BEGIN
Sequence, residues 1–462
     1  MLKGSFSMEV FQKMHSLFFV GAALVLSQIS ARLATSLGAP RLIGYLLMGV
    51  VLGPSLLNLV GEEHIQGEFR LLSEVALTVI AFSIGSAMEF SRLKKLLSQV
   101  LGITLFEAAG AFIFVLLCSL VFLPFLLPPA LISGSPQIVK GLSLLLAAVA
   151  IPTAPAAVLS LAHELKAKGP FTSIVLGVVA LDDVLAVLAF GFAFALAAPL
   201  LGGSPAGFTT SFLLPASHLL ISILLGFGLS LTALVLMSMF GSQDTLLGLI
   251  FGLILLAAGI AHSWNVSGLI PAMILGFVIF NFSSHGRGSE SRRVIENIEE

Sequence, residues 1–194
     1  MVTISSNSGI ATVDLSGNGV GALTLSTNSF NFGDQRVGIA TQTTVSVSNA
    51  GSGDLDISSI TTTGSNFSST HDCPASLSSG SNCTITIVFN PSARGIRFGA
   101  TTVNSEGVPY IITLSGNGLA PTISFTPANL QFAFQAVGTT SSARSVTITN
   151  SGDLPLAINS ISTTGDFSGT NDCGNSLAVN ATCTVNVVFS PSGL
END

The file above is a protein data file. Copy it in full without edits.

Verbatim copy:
Sequence, residues 1–462
     1  MLKGSFSMEV FQKMHSLFFV GAALVLSQIS ARLATSLGAP RLIGYLLMGV
    51  VLGPSLLNLV GEEHIQGEFR LLSEVALTVI AFSIGSAMEF SRLKKLLSQV
   101  LGITLFEAAG AFIFVLLCSL VFLPFLLPPA LISGSPQIVK GLSLLLAAVA
   151  IPTAPAAVLS LAHELKAKGP FTSIVLGVVA LDDVLAVLAF GFAFALAAPL
   201  LGGSPAGFTT SFLLPASHLL ISILLGFGLS LTALVLMSMF GSQDTLLGLI
   251  FGLILLAAGI AHSWNVSGLI PAMILGFVIF NFSSHGRGSE SRRVIENIEE

Sequence, residues 1–194
     1  MVTISSNSGI ATVDLSGNGV GALTLSTNSF NFGDQRVGIA TQTTVSVSNA
    51  GSGDLDISSI TTTGSNFSST HDCPASLSSG SNCTITIVFN PSARGIRFGA
   101  TTVNSEGVPY IITLSGNGLA PTISFTPANL QFAFQAVGTT SSARSVTITN
   151  SGDLPLAINS ISTTGDFSGT NDCGNSLAVN ATCTVNVVFS PSGL